Ustekinumab, an antibody proven to treat the skin condition psoriasis, has now shown positive results in decreasing the debilitating effects of Crohn's Disease, according to researchers at the University of California San Diego, School of Medicine. The study will appear in the October 18, 2012 issue of the New England Journal of Medicine (NEJM).
Results from the clinical trial showed ustekinumab (Stelara) increased clinical response and remission in patients suffering from moderate-to-severe Crohn's Disease -- a form of inflammatory bowel disease (IBD) that can lead to a variety of distressing symptoms, including diarrhea, intestinal bleeding and weight loss. Serious complications such as bowel obstruction and abscesses can also occur.
"Our biggest challenge in treating patients with Crohn's Disease is managing patients whose bodies are resistant to tumor necrosis factor (TNF) inhibitors such as Remicade, Humira and Cimzia," said Sanborn, MD, principal investigator and chief of the Division of Gastroenterology at the UC San Diego School of Medicine. "Ustekinumab blocks two proteins that cause inflammation, interleukin 12 and 23. This finding is a significant first step towards a new treatment option for these patients."
One third of patients with moderate-to-severe Crohn's Disease do not respond to current treatment with TNF inhibitors, which regulates the body's immune system and inflammation. Another one third of patients only have a temporary response.
Five hundred and twenty six patients were part of the randomized trial, which was conducted in 12 countries. Eligible patients were at least 18 years of age and had a confirmed diagnosis of Crohn's Disease for at least three months.
The patients were treated for 36 weeks in the placebo-controlled study. They were given an intravenous dose of ustekinumab at the beginning of the study and a subcutaneous dose every eight weeks. Benefits could be seen as early as six weeks of therapy.
Among patients treated, serious infection was reported in five patients and a basal-cell carcinoma, a form of skin cancer, was reported in one patient.
"These promising initial results are now being followed up and confirmed with additional Phase 3 induction trials -- UNITI-1 and UNITI-2. A Phase 3 maintenance trial (IM-UNITI) will also be conducted in which the patients who respond to ustekinumab will receive additional treatment for one year," said Sandborn, director of the Inflammatory Bowel Disease Center at UC San Diego Health System. "Our goal is to increase clinical response and put the disease in remission to improve the patient's quality of life."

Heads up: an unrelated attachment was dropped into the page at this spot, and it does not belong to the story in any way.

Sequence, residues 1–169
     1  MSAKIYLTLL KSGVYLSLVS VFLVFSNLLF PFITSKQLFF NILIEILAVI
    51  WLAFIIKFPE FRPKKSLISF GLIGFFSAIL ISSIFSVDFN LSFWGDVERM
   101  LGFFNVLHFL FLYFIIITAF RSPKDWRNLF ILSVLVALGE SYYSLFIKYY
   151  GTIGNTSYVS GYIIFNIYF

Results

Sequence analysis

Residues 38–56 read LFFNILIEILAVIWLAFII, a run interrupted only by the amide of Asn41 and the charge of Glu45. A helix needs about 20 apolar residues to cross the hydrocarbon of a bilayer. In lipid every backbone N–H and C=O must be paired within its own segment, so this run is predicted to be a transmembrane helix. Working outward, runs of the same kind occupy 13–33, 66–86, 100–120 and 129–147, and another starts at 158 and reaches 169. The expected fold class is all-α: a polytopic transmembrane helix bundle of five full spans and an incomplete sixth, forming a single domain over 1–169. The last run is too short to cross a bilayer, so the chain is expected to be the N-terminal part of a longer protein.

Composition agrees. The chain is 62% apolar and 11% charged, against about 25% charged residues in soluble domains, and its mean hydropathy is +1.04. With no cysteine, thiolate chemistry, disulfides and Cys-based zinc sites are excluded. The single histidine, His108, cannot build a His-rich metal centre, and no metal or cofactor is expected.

Crohn's Disease affects approximately 700,000 Americans. There is no cure for the disease, and severe flare ups can result in surgery where the large intestine is removed.
Researchers who also participated in this study include Christopher Gasink, MD, Long-Long Gao, PhD, Marion A. Blank, PhD, Jewel Johanns, PhD, Cynthia Guzzo, MD, all at Janssen Research & Development, Springhouse, PA; Bruce E. Sands, MD, and Simon Lichtiger, MD, Mount Sinai School of Medicine, New York; Stephen B. Hanauer, MD, University of Chicago; Stephan Targan, MD, Cedars Sinai Medical Center; Paul Rutgeerts, MD, PhD, University Hospital Gasthuisberg, Leuven, Belgium; Subrata Ghosh, MD, and Remo Panaccione, MD, University of Calgary; Gordon Greenberg, MD, Mount Sinai Hospital, University of Toronto; Willem J.S. de Villiers, MD, PhD, University of Kentucky Medical Center, Lexington; Stefan Schreiber, MD, Christian Albrechts University, University Hospital, Schleswig-Holstein, Kiel, Germany; and Brian G. Feagan, MD, Robarts Research Institute, London, ON.
The study was funded by Janssen Research & Development.
The above story is based on materials provided by University of California, San Diego Health Sciences. Note: Materials may be edited for content and length.
- William J. Sandborn et al. Ustekinumab Induction and Maintenance Therapy in Refractory Crohn's Disease. New England Journal of Medicine, 2012 DOI: 10.1056/NEJMoa1203572
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